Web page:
Feasible carbon-trade model for low-carbon density ecosystem.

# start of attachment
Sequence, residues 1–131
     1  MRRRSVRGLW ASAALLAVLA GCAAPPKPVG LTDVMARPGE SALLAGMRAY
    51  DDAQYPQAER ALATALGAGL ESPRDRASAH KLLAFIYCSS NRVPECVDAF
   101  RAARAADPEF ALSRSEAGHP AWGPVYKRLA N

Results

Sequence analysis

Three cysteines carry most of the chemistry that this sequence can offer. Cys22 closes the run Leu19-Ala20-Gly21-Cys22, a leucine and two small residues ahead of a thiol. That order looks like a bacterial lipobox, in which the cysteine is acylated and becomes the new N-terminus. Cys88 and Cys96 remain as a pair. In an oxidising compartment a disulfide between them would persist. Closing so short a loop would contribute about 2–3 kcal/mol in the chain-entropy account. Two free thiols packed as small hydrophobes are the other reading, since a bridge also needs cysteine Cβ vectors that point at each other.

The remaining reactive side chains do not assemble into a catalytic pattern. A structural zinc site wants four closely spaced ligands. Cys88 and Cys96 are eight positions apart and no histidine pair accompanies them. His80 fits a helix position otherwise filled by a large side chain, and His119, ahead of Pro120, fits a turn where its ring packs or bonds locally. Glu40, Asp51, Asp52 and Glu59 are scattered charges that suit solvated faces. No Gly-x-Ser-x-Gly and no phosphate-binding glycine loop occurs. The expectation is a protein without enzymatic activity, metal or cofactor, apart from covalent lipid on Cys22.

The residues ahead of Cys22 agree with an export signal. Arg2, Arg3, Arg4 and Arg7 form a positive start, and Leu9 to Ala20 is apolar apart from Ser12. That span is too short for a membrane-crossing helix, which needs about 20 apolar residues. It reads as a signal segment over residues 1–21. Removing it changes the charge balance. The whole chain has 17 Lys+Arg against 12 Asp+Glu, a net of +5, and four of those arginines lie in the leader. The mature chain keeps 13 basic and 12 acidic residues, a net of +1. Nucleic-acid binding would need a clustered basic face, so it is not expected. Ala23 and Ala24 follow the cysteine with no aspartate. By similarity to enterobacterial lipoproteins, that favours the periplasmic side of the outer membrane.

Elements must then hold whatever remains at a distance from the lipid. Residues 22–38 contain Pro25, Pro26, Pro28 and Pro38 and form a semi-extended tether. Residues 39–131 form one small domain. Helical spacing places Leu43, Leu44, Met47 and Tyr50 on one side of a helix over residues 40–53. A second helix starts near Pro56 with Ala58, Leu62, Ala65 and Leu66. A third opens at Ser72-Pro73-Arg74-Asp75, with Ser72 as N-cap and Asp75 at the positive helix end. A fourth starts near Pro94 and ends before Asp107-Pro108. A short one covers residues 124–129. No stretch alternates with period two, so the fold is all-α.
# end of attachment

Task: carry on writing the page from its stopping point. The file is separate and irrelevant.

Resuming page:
China has set a carbon neutrality target for 2060; carbon sinks are vital tools to meet this target. China is leading the effort in greening the world through the restoration of low-carbon density ecosystems (LCDEs). The potential carbon sinks of LCDEs provide opportunities for carbon trading projects that make cash benefits accessible to the owners, thereby incentivising ecosystem restoration. Unfortunately, carbon trading in LCDEs has, to date, been unsuccessful in China. Therefore, it is important to identify the barriers in the development of carbon trading projects in LCDEs. This study aimed at creating a feasible model for carbon trading in LCDEs in China. We first accounted for the carbon sink of LCDEs based on field sampling of 169 quadrants and 3,471 plants. Thereafter, we investigated the trade-off between the cost and efficiency of carbon projects in LCDEs. Finally, we explored the feasibility of corresponding carbon sink potential by considering carbon price fluctuations and public-private partnership models. The main findings were as follows: (a) Carbon trading in LCDEs is not economically feasible at the current market price of carbon. In our case, the LCDE carbon trading could only recover 41.72% of the project cost. This partially explains the scarcity of carbon trading for LCDEs in the current emission trading scheme; (b) A benefit transfer model is essential, wherein the costs of ecosystem restoration are paid by the central government, and the benefits of carbon trade are transferred to the owners of LCDEs, providing sufficient incentives for the owners to participate in carbon trading. Policy implications. Given the scarcity of large-scale organisations and expertise, carbon trading in low-carbon density ecosystems (LCDEs) should not be treated as a purely commercial project. A public-private partnership network is a suitable model for engaging stakeholders to complete the carbon trading process in LCDEs. For the success of carbon trading in LCDEs, viable carbon prices and transfer of benefits from public investments are policy issues that need to be further explored. Our findings provide a policy basis for the Chinese government to mobilise more LCDE owners to enter the carbon market and achieve carbon neutrality.